5 Brewing Tips On Hibiscus Flower Tea

If you’re bored of the regular tea and wish to add a new spin to it, hibiscus is all that you need. The dried flowers give your tea a distinct red color with a tart, lemony taste. In fact, according to research studies, there is evidence to show that hibiscus tea can fight high blood pressure, high cholesterol and type-II diabetes.

Dried hibiscus flowers are readily available in health food stores and online marketplaces. Brewing these flowers to prepare a refreshing herbal tea is also simple, provided you know all the Do’s and Don’t’s of the process. Here are some interesting tips for you to understand how you can brew the best hibiscus tea for maximum health benefits:

  1. Do you boil hibiscus?

When you prepare hibiscus flower tea, avoid boiling the flowers with water. Boil the water until sugar has dissolved, then remove the saucepan from the heat and add the flowers to it. Let the flowers remain in hot water for a while to add its taste and enjoy your own cup of hibiscus flower tea with all the health benefits.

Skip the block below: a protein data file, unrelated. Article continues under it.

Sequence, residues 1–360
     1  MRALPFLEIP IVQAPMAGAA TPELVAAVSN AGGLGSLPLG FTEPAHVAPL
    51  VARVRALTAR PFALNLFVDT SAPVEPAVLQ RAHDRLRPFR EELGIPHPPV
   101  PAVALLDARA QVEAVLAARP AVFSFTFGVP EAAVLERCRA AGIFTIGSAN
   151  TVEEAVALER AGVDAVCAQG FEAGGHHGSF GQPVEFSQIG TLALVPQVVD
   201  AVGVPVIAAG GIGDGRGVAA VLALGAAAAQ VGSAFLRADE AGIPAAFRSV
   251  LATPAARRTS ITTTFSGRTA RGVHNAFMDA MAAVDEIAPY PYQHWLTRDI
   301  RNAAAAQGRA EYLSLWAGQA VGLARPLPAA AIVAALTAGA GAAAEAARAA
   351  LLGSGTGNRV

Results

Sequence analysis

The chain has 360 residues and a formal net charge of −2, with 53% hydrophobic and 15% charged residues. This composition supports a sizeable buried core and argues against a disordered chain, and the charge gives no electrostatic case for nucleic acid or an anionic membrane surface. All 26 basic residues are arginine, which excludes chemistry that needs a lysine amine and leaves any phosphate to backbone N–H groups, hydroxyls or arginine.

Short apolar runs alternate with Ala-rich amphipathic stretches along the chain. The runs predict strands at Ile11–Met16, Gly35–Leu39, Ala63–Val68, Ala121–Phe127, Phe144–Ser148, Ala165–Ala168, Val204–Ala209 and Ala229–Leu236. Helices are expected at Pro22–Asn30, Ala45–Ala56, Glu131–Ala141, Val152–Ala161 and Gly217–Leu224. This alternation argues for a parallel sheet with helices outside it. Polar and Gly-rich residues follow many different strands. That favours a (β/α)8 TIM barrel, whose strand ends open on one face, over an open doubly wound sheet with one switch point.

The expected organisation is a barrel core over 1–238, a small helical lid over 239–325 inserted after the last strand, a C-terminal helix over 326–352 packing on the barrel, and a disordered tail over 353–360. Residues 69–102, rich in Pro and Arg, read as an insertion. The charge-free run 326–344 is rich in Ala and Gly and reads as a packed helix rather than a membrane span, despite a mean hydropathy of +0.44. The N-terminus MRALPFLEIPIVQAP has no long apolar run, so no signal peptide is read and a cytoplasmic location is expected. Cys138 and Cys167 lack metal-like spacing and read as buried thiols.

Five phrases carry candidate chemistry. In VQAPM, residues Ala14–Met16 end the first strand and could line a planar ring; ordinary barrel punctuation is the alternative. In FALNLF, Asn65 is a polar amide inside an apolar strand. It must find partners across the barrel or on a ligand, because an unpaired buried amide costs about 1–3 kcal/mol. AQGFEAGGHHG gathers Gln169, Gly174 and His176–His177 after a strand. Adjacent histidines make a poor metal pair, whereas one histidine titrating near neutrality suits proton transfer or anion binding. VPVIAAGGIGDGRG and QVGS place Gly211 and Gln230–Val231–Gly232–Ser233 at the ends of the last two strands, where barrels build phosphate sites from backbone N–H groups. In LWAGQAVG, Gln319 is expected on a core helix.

1. How long do you brew hibiscus tea?

Once you have added the flowers to boiling water, let it steep for about five minutes. You do not have to do anything but wait. Five minutes is a good time for the dried flowers to open and give your tea a pleasant red color and tart taste.

  1. What kind of hibiscus must be used for the tea?

Hibiscus has about 232 species. However, not all can be used to brew tea. Hibiscus sabdariffa has edible calyx, which is dried to prepare the tea. This form is also commonly known as Roselle or flor de Jamaica.

  1. Can all hibiscus flowers be eaten?

Hibiscus is a beautiful flower and one must know that many of them are edible. The different parts like flowers, leaves, and calyxes can be consumed for their own benefits and purposes(more on Wikipedia).

  1. Which part is used to prepare hibiscus flower tea?

The calyces of the Hibiscus sabdariffa are infused to prepare the tea. These are a sort of shell that protects the flower before it is bloomed. They are crimson or deep-magenta in color and add a red color to your tea. The flavor is cranberry-like and you may have to add sugar or honey as a sweetener.

Every individual likes their tea in their own way. While the above tips are beneficial, you will have to experiment a couple of times before you know how to get a taste as per your preference. If you enjoy stronger tea, add more hibiscus flowers or let it steep for a longer duration. The benefits of antioxidants and flavonoids may reduce when you boil the flowers for longer on the heat. Furthermore, if your concentration is on obtaining Vitamin C, prepare the tea as a cold brew. Use room temperature or cool water and let the tea steep for a minimum of two hours. You may also add lots of ice to refresh yourself on a warm day.

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